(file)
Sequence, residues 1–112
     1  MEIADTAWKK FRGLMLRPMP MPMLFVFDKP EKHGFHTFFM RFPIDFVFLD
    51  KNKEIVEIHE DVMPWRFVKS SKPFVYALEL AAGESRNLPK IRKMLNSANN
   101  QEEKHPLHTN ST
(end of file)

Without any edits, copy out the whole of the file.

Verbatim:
Sequence, residues 1–112
     1  MEIADTAWKK FRGLMLRPMP MPMLFVFDKP EKHGFHTFFM RFPIDFVFLD
    51  KNKEIVEIHE DVMPWRFVKS SKPFVYALEL AAGESRNLPK IRKMLNSANN
   101  QEEKHPLHTN ST